Pinehurst, which offers mixed age and grade classrooms, emphasizes connecting what happens in class with real-world social concerns such as anti-discrimination and environmental education.
The district has long planned to demolish the existing building and construct a new school for Jane Addams K-8 at the Pinehurst site, but Pinehurst supporters are hoping to find a new home for the school, which opened in 1970. The district has explored various options for relocation, but officials say they have not found a viable alternative to closure.
The superintendent won’t make a final recommendation until Nov. 6, with a school board vote scheduled for Nov. 20.
Meanwhile, the public will have ample opportunity to weigh in on Pinehurst’s fate, including at a public meeting tonight at 6:30 p.m. at Nathan Hale High School to discuss the district’s proposed new boundaries and school assignment plans.
The first of two public hearings specifically addressing Pinehurst will be held Wednesday at 7 p.m. at the Pinehurst building, 11530 12th Ave. Northeast.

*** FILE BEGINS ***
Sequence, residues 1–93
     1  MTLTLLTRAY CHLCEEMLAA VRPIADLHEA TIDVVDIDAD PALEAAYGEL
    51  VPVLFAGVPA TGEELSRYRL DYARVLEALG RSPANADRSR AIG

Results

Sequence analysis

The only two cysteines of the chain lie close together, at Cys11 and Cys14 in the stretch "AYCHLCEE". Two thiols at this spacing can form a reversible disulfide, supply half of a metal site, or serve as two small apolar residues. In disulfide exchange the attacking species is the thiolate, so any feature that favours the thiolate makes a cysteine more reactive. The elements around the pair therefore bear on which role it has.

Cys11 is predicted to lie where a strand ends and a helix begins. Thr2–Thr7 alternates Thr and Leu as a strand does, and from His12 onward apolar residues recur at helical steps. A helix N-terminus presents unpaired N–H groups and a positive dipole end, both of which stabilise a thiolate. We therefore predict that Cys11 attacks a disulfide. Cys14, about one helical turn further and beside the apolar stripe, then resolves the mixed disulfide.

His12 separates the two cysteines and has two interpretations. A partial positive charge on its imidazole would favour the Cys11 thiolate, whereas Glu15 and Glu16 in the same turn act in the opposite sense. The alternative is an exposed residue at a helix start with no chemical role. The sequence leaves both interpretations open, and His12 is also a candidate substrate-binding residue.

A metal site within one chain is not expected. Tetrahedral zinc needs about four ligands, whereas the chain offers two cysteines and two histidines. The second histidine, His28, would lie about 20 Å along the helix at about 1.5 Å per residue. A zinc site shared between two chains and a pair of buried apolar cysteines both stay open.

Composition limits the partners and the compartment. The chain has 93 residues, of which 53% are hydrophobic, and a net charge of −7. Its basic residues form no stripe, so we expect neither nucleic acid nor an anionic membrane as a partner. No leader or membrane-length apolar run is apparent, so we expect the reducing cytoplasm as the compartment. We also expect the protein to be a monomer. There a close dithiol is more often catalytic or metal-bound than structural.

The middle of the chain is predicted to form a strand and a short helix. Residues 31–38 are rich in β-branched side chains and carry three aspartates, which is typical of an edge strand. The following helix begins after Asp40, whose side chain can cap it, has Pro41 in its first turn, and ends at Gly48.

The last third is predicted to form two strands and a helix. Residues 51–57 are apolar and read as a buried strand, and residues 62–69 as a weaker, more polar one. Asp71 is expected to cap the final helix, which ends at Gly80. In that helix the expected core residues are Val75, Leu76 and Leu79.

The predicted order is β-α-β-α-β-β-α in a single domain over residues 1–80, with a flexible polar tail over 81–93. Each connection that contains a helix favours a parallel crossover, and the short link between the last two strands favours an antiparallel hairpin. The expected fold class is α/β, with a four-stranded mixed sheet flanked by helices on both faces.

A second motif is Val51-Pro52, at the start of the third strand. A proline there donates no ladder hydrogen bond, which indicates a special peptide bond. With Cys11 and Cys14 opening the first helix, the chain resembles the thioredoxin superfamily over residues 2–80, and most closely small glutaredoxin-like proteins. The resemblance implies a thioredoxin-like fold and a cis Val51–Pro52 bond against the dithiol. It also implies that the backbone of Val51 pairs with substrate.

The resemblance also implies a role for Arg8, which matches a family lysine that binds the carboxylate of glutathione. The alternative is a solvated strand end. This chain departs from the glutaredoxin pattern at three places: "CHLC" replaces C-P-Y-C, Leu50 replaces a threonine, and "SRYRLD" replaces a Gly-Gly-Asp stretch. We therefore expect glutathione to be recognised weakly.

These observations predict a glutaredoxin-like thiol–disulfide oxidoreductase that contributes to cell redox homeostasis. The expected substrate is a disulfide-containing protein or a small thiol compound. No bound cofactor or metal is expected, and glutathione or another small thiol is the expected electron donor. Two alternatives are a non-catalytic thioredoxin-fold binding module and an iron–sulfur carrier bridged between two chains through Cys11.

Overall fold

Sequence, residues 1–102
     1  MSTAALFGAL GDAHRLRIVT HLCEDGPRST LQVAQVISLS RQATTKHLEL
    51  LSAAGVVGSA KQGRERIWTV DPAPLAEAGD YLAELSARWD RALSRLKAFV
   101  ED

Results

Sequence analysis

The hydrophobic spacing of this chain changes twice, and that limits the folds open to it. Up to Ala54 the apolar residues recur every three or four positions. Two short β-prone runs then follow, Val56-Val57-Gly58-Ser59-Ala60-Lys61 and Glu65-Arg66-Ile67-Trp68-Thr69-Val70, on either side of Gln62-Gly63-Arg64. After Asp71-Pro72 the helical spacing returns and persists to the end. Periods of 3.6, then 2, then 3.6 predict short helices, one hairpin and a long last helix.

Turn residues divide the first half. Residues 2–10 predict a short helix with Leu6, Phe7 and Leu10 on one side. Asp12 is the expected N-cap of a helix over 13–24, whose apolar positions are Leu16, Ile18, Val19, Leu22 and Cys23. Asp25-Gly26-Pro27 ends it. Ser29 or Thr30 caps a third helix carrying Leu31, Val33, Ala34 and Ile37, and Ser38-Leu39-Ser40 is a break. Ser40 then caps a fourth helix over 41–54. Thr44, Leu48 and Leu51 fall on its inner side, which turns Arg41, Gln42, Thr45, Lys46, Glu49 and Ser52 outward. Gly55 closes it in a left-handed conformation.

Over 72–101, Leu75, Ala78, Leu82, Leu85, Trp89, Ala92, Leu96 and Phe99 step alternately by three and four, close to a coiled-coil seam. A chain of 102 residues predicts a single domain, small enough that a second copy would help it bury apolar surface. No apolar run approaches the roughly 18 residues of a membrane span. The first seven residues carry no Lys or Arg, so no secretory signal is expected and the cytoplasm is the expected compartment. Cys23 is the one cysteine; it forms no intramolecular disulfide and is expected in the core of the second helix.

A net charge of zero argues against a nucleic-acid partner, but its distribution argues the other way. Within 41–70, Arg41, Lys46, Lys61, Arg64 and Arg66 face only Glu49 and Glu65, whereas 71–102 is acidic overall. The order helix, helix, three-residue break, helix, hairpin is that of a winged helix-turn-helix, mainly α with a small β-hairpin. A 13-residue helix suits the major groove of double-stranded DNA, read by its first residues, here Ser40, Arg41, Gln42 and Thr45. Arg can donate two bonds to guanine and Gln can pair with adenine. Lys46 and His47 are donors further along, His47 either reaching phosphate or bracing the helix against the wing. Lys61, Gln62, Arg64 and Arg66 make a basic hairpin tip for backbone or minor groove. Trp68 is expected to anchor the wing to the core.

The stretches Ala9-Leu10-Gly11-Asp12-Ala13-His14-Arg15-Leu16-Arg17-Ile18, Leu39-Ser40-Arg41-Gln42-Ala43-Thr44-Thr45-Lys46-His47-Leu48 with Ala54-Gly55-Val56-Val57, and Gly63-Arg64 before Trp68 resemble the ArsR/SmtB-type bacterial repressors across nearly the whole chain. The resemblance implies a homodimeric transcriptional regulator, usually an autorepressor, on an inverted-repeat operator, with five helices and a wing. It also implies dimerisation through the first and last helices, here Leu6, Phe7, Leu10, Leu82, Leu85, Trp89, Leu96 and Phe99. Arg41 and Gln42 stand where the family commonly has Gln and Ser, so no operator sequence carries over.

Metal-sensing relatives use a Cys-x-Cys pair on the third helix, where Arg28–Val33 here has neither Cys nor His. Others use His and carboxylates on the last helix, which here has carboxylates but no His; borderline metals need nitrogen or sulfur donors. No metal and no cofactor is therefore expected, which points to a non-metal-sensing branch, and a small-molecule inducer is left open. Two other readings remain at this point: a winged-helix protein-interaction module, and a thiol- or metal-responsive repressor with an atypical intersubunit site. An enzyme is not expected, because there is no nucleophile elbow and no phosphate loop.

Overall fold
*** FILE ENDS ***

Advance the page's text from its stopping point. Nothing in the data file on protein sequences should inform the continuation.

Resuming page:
September 8, 2013 at 4:05 PM
Snoqualmie Valley School District teachers reached a tentative contract agreement with the district Sunday, likely averting a strike that would have left classrooms empty.
After the 3 p.m. deadline passed, the Snoqualmie district proposed another offer late in the afternoon for the union negotiating team to review. Teachers will gather to ratify the three-year contract tonight at Mount Si High School, said Dale Folkerts, union spokesman. Part of the contract gives teachers 2 percent raises each year.
Negotiations began in April and the teachers’ contract expired Aug. 31 without a new deal. The union represents 353 teachers in the Snoqualmie district, which serves about 6,200 students from Fall City, North Bend and Snoqualmie.
The union says the big issue is class size in the district’s five elementary schools. Teachers want limits on the number of students per class, not just extra money for teachers who are assigned classes that exceed target enrollments.
On its website, the district says it has set boundaries for class sizes in elementary schools, although the limits are listed as “targets.” For example, a kindergarten class would have a target enrollment of 25 or fewer students. If the district added more students, the teacher would receive $600 or a planning day each trimester.
About The Today File
The Today File is a general news blog featuring real-time coverage of Seattle and the Northwest. It is reported by the news staff of The Seattle Times and edited by Assistant Metro Editor Nick Provenza.